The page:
The 60-day ban will help curb the burning but its effect could be "very limited" if people ignore it as the peak burning season starts, said Xiangming Xiao, a plant biologist at the University of Oklahoma who studies deforestation in the Amazon. Most fires in Brazil are set in late August, September and early October, he said.
"Both legal and illegal fire events occurred in Brazil. It will be very challenging to identify and separate them," he said in an email to The Associated Press.
Brazil's forest code normally allows farmers and others to set some fires as long as they have licenses from environmental authorities.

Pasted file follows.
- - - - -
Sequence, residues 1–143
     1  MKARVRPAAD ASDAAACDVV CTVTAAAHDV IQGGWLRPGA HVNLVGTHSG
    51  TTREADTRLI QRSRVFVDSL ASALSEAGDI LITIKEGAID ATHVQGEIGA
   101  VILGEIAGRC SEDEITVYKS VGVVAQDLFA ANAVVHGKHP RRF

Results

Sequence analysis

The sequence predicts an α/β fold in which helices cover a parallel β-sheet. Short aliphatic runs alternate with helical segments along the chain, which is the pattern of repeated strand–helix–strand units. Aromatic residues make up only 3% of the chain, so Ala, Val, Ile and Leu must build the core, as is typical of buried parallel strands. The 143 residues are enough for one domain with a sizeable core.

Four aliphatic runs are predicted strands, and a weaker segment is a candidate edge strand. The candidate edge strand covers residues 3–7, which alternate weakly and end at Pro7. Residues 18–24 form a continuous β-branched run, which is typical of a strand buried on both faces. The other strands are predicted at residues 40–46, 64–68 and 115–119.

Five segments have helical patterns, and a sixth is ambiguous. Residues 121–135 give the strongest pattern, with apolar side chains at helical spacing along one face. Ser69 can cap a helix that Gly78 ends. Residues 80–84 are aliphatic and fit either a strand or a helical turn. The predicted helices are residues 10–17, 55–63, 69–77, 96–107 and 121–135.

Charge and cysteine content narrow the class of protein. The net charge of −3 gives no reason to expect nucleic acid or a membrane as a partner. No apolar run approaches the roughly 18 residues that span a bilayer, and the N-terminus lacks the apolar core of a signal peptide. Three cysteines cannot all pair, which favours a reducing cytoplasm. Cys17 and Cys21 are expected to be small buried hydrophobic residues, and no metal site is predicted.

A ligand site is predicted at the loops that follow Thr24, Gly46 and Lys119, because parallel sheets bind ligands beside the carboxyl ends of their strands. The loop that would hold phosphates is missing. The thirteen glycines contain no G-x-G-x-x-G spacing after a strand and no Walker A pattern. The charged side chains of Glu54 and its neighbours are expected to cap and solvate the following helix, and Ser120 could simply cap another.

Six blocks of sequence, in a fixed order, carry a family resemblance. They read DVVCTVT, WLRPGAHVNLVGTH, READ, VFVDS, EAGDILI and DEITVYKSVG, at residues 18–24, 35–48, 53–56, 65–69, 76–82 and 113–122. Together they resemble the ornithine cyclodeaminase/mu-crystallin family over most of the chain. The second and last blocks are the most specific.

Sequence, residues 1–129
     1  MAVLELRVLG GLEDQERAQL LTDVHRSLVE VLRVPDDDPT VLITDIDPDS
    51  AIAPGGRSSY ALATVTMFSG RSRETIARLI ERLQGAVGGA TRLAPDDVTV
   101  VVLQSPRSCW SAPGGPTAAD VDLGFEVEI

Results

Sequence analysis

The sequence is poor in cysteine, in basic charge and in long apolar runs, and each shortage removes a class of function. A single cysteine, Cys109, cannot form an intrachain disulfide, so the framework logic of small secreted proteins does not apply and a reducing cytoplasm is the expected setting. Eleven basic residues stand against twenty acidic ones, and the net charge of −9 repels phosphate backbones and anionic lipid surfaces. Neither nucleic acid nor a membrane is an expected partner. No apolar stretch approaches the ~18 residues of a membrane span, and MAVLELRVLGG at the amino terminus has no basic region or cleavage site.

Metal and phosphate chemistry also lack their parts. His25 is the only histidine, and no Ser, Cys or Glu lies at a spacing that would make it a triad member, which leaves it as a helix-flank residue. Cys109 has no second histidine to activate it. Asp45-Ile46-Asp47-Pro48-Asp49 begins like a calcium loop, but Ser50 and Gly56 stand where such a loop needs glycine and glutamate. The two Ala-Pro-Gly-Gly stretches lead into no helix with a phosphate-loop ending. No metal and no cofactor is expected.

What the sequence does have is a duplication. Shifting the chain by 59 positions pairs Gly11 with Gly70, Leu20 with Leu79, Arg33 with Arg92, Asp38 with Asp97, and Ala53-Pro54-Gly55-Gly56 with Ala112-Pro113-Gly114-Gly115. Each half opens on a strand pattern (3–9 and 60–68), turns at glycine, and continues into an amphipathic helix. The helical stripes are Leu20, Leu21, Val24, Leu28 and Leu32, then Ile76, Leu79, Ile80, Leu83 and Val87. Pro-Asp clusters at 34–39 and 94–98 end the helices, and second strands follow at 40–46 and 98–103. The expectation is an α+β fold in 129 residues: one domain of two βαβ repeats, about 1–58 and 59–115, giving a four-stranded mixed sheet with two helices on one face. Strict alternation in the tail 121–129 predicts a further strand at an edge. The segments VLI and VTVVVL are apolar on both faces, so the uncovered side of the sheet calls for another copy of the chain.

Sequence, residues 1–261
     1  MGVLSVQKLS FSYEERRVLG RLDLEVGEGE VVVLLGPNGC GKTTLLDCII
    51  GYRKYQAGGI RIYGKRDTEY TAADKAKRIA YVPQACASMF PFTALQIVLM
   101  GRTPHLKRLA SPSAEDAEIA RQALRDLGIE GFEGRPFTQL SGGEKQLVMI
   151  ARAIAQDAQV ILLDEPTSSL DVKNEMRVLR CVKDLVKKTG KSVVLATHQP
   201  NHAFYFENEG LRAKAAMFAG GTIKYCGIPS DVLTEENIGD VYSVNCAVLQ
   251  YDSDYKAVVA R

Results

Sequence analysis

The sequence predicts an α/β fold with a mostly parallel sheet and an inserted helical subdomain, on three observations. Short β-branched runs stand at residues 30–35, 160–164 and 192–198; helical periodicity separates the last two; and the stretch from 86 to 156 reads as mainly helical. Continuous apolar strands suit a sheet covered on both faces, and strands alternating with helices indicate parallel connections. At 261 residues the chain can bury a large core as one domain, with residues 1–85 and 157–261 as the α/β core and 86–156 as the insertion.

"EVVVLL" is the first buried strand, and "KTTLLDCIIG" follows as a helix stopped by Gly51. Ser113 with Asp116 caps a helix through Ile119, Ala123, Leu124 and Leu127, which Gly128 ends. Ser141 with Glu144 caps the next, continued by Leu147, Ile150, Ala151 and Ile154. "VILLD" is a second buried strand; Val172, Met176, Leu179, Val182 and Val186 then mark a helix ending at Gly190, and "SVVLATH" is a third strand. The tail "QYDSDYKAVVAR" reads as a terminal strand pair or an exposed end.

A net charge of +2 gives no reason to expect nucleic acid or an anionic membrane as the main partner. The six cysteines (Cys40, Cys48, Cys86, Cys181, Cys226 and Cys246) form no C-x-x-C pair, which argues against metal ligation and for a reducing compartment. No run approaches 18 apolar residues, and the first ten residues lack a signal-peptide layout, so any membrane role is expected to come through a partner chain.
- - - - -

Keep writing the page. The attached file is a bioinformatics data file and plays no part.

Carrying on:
This year, however, there was a sharp increase in nationwide fires over the same period in 2018, raising concerns that people were emboldened to burn more after Bolsonaro said rainforest protections were blocking economic development.
Bolsonaro suggested —without citing evidence — that environmental groups were setting illegal fires to try to destabilize his government and sparred with French President Emmanuel Macron and other European leaders who questioned his commitment to protecting the Amazon ecosystem.
The acrimony sidelined a pledge of $20 million from the Group of Seven nations to help protect rainforest in the Amazon. Much of the burned land had already been deforested, but the location of many fires next to intact forest reflected the increased threat of deforestation.
The Amazon rainforest is vital for the planet's health in part because it drains heat-trapping carbon dioxide from the atmosphere.